Monday, September 1, 2014

Living without peanut butter

This a general call for advice and sage thoughts from anyone who has/ lives with someone who has a peanut allergy. My questions will be below, but first let me share with you our fun Saturday.

Being 11 months old age adjusted, the Beats are still in the middle of exploring new foods. To date, we have been surprisingly lucky with how this process has gone. Not only have both Beats been willing to try everything that is put in front of them (something I really credit their daycare for as the kids eat all there meals at a common table in community dinner fashion), but we've also been lucky that they've had zero allergic reactions. Reading stories in the blogosphere about kids being intolerant of diary, eggs, wheat and various types of fruits and vegetables as well as hearing stories about Lucas's kids (they believe his youngest has a corn allergy, which is a nightmare as corn syrup is in so many foods and meant resulted in the whole family having to modify their diet to prevent reactions), I've been cautious with what is introduced and how. Somehow we've been lucky. And with luck comes complacency.

So on Saturday, after doing some reading about when it is appropriate to introduce peanut better, Grey and I decided it was time to introduce the Beats to a childhood staple of ours: a peanut butter and jelly sandwich. At this point, the Beats had been eating soynut butter at school and both really enjoyed the jam we had been feeding them. In addition, though we had heard stories, neither of us knew anyone who had a peanut allergy. So though I knew that I needed to watch the babies, I didn't know what signs or symptoms to be on the lookout for.

He-Beat had zero issues. He happily eat his bites of sandwich, washing it down with the milk in his sippy cup. She-Beat was another story. After a few bites, she started to fussy, rubbing her face and eyes which blowing raspberries, a sign that she was irritated or not feeling well. After a couple of minutes, I noticed her left eye was turning red. I removed her from her high chair and took her upstairs to have Grey take a look at her. Initially he didn't think much of it, and then he noticed the rash on her neck. And a minute later that the whole left side of her face was swelling.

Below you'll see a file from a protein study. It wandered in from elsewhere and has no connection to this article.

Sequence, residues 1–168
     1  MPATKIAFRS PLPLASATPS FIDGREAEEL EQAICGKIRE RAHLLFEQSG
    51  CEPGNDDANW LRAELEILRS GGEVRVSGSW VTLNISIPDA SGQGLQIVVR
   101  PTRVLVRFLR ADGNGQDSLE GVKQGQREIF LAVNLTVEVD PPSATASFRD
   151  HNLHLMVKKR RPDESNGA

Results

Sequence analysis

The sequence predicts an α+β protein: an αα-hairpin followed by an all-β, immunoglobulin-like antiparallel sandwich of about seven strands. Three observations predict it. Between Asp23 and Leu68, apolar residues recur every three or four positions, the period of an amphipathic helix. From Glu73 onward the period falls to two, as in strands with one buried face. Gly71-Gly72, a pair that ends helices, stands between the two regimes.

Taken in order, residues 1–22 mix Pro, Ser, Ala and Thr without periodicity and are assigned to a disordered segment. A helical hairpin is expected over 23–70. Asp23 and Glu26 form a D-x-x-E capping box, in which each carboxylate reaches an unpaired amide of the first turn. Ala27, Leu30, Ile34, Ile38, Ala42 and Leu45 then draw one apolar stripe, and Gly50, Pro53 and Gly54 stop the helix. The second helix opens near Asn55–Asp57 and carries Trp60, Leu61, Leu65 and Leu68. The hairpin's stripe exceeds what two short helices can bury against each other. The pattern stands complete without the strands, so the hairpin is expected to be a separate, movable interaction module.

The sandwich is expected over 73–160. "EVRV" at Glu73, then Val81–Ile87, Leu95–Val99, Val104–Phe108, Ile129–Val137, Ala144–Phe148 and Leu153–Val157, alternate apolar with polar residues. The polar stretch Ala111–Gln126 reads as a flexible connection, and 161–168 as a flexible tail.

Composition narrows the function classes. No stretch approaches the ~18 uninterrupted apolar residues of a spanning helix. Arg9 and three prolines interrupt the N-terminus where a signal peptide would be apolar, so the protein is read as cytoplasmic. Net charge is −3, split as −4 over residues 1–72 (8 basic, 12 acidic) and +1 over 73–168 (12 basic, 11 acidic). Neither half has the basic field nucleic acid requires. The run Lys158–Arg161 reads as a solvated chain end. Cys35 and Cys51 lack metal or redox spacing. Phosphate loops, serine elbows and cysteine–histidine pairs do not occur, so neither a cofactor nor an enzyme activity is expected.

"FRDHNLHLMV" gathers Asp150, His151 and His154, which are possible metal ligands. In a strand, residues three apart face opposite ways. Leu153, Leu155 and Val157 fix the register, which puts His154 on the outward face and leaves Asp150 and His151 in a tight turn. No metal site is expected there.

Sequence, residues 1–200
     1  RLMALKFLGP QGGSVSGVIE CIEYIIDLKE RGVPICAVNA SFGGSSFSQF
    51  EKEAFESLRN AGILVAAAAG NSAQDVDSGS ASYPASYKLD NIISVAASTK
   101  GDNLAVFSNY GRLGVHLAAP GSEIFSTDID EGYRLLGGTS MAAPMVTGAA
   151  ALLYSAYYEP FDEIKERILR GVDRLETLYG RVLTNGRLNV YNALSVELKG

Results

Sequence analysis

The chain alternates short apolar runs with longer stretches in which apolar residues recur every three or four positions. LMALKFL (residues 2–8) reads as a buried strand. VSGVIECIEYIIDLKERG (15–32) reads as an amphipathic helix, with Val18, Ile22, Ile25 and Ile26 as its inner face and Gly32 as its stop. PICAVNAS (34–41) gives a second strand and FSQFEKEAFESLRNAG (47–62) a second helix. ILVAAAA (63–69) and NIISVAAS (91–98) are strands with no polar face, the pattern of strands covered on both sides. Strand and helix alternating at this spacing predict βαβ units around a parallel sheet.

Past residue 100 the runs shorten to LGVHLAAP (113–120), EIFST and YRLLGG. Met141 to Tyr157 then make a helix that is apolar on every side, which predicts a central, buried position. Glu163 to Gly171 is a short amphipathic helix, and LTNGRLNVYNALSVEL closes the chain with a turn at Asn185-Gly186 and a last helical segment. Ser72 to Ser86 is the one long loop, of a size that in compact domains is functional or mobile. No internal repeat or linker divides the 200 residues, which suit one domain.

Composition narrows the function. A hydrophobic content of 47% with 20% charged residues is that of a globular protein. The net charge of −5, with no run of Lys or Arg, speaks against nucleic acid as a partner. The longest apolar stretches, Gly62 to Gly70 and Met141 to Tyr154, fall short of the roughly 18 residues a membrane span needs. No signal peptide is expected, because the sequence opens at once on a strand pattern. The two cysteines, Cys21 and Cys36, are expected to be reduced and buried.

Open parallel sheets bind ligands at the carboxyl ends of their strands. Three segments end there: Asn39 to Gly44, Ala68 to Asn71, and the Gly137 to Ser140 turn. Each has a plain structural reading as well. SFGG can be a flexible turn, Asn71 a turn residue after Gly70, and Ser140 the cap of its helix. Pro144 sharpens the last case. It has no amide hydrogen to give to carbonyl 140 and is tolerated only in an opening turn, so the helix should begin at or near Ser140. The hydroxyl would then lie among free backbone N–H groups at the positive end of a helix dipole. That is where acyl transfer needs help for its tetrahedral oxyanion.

I've made calls to after hours nurse in the past. Usually for high fevers and babies who have suspected ear infections. Most times, the person answering the call will take your information and triage you, calling you back when the next nurse is available. This time, the mere mention of a peanut allergy immediately brought a nurse to the phone. And when they learned we did not have any infant Benadryl in the house, despite the fact that She-Beat was able to breathe without problem, they immediately put us through to 911, which resulted in 3 firemen and 2 paramedics in my condo in less than 5 minutes. And with that, She-Beat got her first ride in an ambulance to the local children's hospital.

I won't bore you with the details of the 2 hours that followed, only to say that He-Beat was a total awesome brother, being so patient in the ER when it was clear the poor kid was beyond bored. But we did learn a few things. First, She-Beat luckily only had an allergic reaction, which was readily controlled and reversed thanks to Benadryl (which we now stock). If she had anaphylaxis, which would have resulted in her throat swelling, potentially inhibiting her ability to breathe, as well as potential heart failure, nausea and a severe rash, they were prepared to inject her with steroids. Because she didn't display any of these symptoms and because she responded so well to the Benadryl, they sent us home after a couple of hours of observation without an EpiPen. That said, they did warn us about what to watch for and told us we need to follow up with her pediatrician this week for further preventative care.

As of yesterday, we are now a peanut-free household. Grey had been stocking peanut butter for our food stores, but returned most of it yesterday. In addition, we are now scrutinizing food labels, inspecting everything that is packaged for any trace of peanut products.

The question is, though, how careful do we need to be? To our knowledge, this is She-Beat's first exposure, but we know that peanut products are in other foods. In addition, we've had peanut butter in the house since she was born, with me consuming it without thinking during my pregnancy. Do we need to treat any peanut product like biohazardous material for the time being or is it just a matter of not allowing her to come into contact with it? The final thing is we've been told that it is likely she will outgrow this. When (if ever) do we try again? One year; 5 years, after I'm dead?